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ORIGINAL ARTICLE
Year : 2003  |  Volume : 51  |  Issue : 1  |  Page : 59-65
 

Comparison of single-drop mitomycin C regime with other mitomycin C regimes in pterygium surgery.


Department of Ophthalmology, University College of Medical Sciences and Guru Teg Bahadur Hospital, Delhi, India

Correspondence Address:
Ved P Gupta
Department of Ophthalmology, University College of Medical Sciences and Guru Teg Bahadur Hospital, Delhi
India
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PMID: 12701864

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   Abstract 

Purpose: To evaluate the safety and efficacy of single-drop instillation of mitomycin C (MMC) in pterygium surgery and to compare the results with both postoperative and intraoperative application of MMC. Methods: Eighty eyes of 72 patients with pterygium were randomised into 4 equal groups: group 1 - control - bare scleral excision (BSE); group 2 - BSE with single-drop instillation of mitomycin C (MMC) 0.02% at the end of the surgery; group 3 - BSE with postoperative MMC 0.02% drops twice a day for 5 days; and group 4 - BSE with intraoperative MMC 0.02%. Results: The recurrence of pterygium was observed in 14 (70%), 4 (20%), 4 (20%) and 3 (15%) eyes of group 1, 2, 3, and 4 respectively. The recurrence rate after BSE with single drop MMC regime (group 2) was significantly lower than group 1 recurrence ( P = 0.001) and was statistically comparable to that of group 3 and 4. Scleral defects in the bare area occurred in 4 (20%), 16 (80%) and 16 (80%) eyes of group 2, 3, and 4 respectively. The incidence of scleral defects was significantly lower in group 2 compared to group 3 (P=0.0001) and group 4 (P=0.0001). Compared to group 1 and 2, a significant delay in wound epithelialisation occurred in group 3 ( P=0.003) and 4 ( P=0.004). An ischaemic area in the bare sclera developed in 8 (40%) and 6 (30%) eyes of group 3 and 4 respectively, while ischaemic area did not develop in group 1 and 2. Conclusion: Single-drop instillation of 0.02% mitomycin C following pterygium excision appears both safe and efficacious.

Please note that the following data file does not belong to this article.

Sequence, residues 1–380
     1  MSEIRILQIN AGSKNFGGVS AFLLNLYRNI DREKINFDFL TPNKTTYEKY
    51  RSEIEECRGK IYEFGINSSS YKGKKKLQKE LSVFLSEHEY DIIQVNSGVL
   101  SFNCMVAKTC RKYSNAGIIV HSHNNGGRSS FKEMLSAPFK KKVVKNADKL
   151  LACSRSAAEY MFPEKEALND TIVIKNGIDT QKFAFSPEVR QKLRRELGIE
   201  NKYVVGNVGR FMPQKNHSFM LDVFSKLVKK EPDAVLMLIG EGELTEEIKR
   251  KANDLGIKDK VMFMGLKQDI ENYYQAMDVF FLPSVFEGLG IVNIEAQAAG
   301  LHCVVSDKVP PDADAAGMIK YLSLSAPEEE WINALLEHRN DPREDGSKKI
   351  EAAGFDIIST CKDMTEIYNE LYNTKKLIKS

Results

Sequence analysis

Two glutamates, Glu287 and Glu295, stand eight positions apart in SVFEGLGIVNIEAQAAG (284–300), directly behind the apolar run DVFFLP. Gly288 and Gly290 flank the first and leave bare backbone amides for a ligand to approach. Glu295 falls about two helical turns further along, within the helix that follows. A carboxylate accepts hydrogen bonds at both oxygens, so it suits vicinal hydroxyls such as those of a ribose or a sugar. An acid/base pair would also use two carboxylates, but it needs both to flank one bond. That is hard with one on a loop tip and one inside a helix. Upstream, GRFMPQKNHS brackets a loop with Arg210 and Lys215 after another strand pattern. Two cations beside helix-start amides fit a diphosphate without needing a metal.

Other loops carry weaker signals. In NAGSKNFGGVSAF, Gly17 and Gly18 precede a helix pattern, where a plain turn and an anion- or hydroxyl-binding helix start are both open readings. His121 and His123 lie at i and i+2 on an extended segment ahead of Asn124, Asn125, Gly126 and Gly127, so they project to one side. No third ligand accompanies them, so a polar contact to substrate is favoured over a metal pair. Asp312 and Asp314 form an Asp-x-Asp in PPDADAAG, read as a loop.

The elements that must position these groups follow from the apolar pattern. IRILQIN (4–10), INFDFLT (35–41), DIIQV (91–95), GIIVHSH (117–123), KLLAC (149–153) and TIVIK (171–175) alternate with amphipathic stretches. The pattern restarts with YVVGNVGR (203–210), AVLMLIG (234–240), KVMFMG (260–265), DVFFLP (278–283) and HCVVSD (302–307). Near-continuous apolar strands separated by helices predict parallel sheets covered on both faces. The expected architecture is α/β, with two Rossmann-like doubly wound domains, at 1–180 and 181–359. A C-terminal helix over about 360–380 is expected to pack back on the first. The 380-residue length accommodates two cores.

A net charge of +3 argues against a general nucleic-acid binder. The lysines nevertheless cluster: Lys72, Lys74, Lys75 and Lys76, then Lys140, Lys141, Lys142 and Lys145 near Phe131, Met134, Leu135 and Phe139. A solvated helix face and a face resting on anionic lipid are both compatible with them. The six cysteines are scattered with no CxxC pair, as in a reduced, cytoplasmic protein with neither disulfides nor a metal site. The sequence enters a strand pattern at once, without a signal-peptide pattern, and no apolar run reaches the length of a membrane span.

Keywords: Mitomycin C, single drop, pterygium surgery, recurrence, scleral complications


How to cite this article:
Gupta VP, Saxena T. Comparison of single-drop mitomycin C regime with other mitomycin C regimes in pterygium surgery. Indian J Ophthalmol 2003;51:59-65

How to cite this URL:
Gupta VP, Saxena T. Comparison of single-drop mitomycin C regime with other mitomycin C regimes in pterygium surgery. Indian J Ophthalmol [serial online] 2003 [cited 2014 Aug 21];51:59-65. Available from: http://www.ijo.in/text.asp?2003/51/1/59/14736